For years the Oxford Very Short Introduction series have offered concise introductions to a wide range of subjects—from religion to philosophical and political thinkers, from quantum theory to musical theory, from political movements to literary theory. 254 of these pocket-sized books have been published, roughly between 100 and 144 pages each. One of the latest, Modernism: A Very Short Introduction by Christopher Butler, was published September 3, 2010, by Oxford University Press. On page 48, Butler cites Blavatsky to illustrate his point:
Art since the late 19th century had claimed to go deeper than all such orthodoxies, towards the far deeper and enduring ancient wisdom to be found in the history of religious myth-making. As Mme Blavatsky, who inspired Yeats put it:
"It is perhaps desirable to state unequivocally that the teachings, however fragmentary and incomplete, contained in these volumes, belong neither to the Hindu, the Zoroastrian, the Chaldean, nor the Egyptian religion, neither to Buddhism, Islam, Judaism nor Christianity exclusively. The Secret Doctrine is the essence of all these. Sprung from it in their origins, the various religious schemes are now made to merge back into their original element, out of which every mystery and dogma has grown, developed, and become materialised."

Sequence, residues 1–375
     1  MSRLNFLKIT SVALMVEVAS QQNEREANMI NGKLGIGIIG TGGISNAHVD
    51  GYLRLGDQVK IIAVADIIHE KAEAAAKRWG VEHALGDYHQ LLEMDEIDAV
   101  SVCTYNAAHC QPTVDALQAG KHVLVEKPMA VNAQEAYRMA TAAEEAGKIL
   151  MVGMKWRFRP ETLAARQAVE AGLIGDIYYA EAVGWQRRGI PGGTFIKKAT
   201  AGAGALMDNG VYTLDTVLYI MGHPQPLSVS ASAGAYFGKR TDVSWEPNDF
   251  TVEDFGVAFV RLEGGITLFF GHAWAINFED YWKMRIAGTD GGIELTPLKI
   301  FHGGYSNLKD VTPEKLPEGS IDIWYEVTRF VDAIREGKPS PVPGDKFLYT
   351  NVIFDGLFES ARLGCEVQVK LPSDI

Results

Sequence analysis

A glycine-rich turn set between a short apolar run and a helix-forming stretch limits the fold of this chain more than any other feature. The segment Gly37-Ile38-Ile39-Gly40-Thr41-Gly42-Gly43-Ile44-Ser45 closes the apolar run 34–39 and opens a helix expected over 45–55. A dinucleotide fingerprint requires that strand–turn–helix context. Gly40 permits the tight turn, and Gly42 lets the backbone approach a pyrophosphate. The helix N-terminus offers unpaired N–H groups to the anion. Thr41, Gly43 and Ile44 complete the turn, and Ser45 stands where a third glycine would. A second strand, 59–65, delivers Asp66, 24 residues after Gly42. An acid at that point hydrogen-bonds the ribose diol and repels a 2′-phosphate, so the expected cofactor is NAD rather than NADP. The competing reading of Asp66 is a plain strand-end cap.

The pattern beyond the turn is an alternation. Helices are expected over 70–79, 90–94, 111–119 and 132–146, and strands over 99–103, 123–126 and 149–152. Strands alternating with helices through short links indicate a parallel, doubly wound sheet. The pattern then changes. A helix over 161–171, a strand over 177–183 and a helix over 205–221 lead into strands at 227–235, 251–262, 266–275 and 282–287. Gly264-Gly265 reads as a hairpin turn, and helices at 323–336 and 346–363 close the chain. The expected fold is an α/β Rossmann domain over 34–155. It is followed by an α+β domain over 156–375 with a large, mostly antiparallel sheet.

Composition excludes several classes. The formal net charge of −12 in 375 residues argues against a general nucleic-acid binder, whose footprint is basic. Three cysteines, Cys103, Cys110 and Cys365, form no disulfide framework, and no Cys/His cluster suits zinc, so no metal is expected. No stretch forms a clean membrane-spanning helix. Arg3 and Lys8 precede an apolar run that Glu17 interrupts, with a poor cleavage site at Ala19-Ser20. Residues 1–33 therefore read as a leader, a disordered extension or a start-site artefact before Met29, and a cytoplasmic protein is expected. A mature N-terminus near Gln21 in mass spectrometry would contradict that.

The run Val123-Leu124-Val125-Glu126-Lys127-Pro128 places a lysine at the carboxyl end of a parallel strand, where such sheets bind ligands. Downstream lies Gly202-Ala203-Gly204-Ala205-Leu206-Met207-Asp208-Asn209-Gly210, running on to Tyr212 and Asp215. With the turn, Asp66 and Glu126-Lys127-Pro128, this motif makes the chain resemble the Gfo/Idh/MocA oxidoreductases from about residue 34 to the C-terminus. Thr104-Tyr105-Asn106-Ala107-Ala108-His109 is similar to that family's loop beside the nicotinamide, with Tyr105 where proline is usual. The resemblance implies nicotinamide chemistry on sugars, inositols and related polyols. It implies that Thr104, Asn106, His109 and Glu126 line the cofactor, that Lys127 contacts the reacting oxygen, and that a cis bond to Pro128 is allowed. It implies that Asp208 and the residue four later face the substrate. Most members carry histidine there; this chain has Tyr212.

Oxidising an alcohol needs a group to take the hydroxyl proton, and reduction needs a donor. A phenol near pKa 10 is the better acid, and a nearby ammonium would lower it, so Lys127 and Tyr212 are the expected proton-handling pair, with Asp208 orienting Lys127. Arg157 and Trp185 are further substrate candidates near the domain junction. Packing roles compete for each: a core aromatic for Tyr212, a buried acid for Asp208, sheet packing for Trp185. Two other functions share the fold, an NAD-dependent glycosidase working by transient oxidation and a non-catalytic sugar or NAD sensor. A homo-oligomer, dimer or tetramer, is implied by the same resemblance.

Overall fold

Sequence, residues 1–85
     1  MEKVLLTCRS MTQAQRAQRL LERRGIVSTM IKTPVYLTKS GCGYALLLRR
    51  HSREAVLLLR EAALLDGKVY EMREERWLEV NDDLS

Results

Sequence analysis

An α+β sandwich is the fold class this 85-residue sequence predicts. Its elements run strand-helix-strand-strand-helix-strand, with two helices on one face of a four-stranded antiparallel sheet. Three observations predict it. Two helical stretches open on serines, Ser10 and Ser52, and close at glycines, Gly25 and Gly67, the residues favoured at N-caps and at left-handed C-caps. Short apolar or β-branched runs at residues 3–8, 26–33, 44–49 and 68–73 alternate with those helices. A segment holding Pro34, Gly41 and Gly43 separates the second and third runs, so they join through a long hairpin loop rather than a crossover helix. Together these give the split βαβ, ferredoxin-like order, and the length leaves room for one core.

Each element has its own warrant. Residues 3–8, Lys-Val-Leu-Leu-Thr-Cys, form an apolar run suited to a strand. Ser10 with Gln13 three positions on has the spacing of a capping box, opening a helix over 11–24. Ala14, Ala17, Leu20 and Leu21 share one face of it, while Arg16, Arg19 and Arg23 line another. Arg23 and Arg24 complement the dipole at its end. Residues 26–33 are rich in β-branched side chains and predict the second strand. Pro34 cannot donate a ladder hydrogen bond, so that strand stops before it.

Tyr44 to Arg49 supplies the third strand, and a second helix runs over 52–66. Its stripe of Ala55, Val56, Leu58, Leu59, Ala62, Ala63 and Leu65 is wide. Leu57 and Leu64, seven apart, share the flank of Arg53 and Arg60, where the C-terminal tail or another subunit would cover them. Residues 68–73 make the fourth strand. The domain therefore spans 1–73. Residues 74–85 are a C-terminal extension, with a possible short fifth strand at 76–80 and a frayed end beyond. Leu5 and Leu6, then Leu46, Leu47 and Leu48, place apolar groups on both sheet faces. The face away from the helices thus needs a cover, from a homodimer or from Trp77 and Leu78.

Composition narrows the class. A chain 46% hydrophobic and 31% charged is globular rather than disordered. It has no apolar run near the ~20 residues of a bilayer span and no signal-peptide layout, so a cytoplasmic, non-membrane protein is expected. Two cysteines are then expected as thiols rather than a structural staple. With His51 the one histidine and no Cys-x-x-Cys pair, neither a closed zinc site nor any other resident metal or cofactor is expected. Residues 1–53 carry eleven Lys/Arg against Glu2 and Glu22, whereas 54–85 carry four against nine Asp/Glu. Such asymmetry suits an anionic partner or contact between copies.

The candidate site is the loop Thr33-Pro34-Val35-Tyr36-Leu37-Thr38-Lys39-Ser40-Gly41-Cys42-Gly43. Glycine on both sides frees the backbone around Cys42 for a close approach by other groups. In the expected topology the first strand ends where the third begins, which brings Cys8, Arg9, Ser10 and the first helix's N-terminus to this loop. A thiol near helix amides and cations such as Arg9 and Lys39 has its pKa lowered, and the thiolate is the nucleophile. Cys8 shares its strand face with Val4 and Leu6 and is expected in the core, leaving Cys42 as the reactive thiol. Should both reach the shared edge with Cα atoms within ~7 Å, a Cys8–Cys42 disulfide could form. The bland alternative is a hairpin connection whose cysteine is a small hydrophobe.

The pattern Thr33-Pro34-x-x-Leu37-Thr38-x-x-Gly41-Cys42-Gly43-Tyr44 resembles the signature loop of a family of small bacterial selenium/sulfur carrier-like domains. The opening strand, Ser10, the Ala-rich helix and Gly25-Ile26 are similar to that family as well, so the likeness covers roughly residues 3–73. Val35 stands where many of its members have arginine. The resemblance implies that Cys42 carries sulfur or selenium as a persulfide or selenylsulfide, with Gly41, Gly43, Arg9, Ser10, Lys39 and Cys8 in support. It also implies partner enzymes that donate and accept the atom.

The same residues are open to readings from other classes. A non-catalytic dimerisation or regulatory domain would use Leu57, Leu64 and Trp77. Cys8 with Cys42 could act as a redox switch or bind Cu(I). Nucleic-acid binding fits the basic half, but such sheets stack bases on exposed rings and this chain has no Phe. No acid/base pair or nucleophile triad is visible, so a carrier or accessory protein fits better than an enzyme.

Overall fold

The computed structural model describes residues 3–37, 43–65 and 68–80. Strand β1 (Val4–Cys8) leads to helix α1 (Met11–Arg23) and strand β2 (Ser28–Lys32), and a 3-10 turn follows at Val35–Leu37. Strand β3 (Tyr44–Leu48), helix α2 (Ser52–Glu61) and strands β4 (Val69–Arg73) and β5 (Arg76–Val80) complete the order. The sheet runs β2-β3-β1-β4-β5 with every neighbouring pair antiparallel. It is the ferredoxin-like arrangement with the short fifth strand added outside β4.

Literature based on such premises had new responsibilities. Given the secularizing effect of modernity, the involvement of the modernists with myth and religion may seem surprising, but many of them…saw the claims of art as in some way contesting or complementing those of orthodox religion….This search for an inspirational authority within the high culture rather than within religious institutions is a prime legacy of the modernist period.
The quote by Blavatsky is from the Preface to The Secret Doctrine, vol. 1, p. viii.